Did You Make Art Today?

A piece of mail art I made for my son, Jeremy, this morning.

My son, Jeremy, and his wife, Stacy, moved to Arizona this past August. I was kind of bummed out when they left. My wife suggested that I use my sadness about Jeremy having moved away and turn it into something positive, like creating mail art. It was a great idea! I have always loved making and sending pieces of correspondence art, but had done little of  it in recent years. I now try to send at least three pieces of mail art to him each week. I use some of the pieces to encourage him to make art himself, whether that be in the form of mail art, sketching in his journal, taking some photographs, or playing his guitar. The piece of mail art shown above is sitting on the mailbox now waiting for our postal carrier to pick it up.

Perhaps that is something we all need from time to time….. encouragement! I wonder how much more time we would spend on our own art if on occasion we received a piece of mail that said, “Did YOU make ART today?”.  And yes, I know we could send these messages of encouragement vie e-mail, but isn’t still fun (and rare) to find a real hand written letter, or better, a piece of hand made art, in your mailbox, encouraging you to keep pushing you own art? Hmmmm….. perhaps I should spread this around and send this same message to some art friends of mine.

Charlyne Yi (photo by Phil Konstantin)

With the extremely cold temperatures the past ten days, Chris and I have been catching up on films at the theatre and on DVD. On the big screen we have seen Avatar, Up in the Air, and Sherlock Holmes. Our latest Netflix DVD came in the other day, a mockumentary (also refered to as hybrid documentary) titled Paper Heart. In this film, Charlyne Yi embarks on a quest across America to make a documentary about the one subject she doesn’t fully understand: Love. Michael Cera becomes the object of her affection. (I first saw Cera when Chris got into watching the tv sitcom Arrested Development. We later enjoyed his performances in the films Superbad and Juno.)  Weaving together reality and fantasy, Paper Heart combines elements of documentary and traditional storytelling to get at modern romance. Paper Heart follows Nick and Charlyne on a cross-country journey as she interviews ministers, happily married couples, chemists, romance novelists, divorce lawyers, a group of children, etc.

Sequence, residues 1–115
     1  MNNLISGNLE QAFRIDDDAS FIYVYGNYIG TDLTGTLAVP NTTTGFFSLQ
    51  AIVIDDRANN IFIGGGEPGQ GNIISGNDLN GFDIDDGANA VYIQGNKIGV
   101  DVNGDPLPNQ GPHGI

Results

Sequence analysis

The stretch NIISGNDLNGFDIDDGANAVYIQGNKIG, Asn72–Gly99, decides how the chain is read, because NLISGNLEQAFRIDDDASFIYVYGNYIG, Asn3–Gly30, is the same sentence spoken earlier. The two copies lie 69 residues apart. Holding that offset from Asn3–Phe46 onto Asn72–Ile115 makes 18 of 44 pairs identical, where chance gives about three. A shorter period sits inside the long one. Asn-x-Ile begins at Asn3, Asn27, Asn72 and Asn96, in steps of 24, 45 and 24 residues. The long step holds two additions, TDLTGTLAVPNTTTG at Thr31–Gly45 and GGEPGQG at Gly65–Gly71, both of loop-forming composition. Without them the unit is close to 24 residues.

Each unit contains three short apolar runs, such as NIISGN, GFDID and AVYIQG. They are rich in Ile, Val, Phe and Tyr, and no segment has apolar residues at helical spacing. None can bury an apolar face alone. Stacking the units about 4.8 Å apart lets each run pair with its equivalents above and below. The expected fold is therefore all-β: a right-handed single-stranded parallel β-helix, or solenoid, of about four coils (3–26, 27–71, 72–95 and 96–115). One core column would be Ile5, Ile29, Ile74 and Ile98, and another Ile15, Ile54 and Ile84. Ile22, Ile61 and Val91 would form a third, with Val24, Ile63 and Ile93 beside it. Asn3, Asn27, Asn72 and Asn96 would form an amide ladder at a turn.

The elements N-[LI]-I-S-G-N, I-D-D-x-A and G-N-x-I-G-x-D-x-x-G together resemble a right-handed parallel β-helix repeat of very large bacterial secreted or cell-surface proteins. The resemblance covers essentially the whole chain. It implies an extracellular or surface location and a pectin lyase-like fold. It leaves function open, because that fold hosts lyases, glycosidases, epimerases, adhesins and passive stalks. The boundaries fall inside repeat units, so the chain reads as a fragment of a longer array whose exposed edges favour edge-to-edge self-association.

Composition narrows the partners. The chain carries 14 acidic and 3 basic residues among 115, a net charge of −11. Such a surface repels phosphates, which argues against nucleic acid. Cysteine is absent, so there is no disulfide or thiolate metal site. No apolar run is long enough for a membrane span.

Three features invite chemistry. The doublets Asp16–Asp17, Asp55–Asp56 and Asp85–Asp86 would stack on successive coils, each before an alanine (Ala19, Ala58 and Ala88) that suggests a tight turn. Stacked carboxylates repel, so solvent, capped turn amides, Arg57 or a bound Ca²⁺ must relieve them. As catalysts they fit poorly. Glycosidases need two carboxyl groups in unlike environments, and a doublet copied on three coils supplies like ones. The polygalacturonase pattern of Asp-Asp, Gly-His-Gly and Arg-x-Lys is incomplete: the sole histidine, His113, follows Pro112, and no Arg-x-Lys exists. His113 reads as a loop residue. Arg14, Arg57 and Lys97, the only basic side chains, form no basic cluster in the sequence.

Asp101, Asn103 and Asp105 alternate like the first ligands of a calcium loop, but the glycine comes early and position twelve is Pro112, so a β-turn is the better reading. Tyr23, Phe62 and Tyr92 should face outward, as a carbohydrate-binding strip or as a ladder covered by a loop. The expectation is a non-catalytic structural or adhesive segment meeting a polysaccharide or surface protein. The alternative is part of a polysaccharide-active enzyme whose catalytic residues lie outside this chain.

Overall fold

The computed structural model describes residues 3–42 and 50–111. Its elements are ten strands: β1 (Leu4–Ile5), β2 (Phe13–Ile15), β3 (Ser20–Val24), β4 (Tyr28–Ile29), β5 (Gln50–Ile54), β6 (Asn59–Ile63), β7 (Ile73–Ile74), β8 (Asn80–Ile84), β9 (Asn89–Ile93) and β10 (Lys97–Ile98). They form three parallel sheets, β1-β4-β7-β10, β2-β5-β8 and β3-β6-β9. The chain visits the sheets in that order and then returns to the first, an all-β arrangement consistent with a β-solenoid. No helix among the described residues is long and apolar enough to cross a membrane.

Chris and I both enjoyed Paper Heart, even though we agreed that Ms. Yi was just plain irritating. Her reactions to  her interviewees comments on love were more like that of a uncomfortable seventh grader. However, Ms. Yi is in her early twenties, so her junior high-like responses got old quick. Otherwise, Chris and I found the film to be quirky, fun, and entertaining. I was curious about Ms. Yi and how she came to be a part of this film, so that evening it was off to the internet.

I read a few internet pieces on Ms. Yi, but the one I actually found interesting was her blog. In this particular entry Ms. Yi answers all those people who ask her advice on “making it”. She goes on to tell her story and you discover that this young lady has determination and guts. I was impressed with what she had to say about believing in herself and dealing with a truck load of rejection. Yi got little encouragement, but she was persitant. Although her words are directed towards acting and stand-up, one could easily see her statements crossing over to  the visual arts. If you are interested in what she has to say, check it out here. Now if only I had that kind of determination and belief in myself when I was her age. And while I still find the “film version” of Ms. Yi to be somewhat irritating, she has earned my respect for her focus and determination to do her own “art”.

Ms. Yi’s “advice” in her blog reminds me just a bit of the old Calvin Coolidge quote: “Nothing in the world can take the place of persistence. Talent will not; nothing is more common than unsuccessful men with talent. Genius will not; unrewarded genius is almost a proverb. Education will not; the world is full of educated derelicts. Persistence and determination alone are omnipotent. The slogan “press on” has solved and always will solve the problems of the human race.”

And talking about persistence, did you make any art today?


1 Response to “Did You Make Art Today?”

  1. 1 Nancy
    January 8, 2010 at 4:33 pm

    Great website, Bob. I like the new look.

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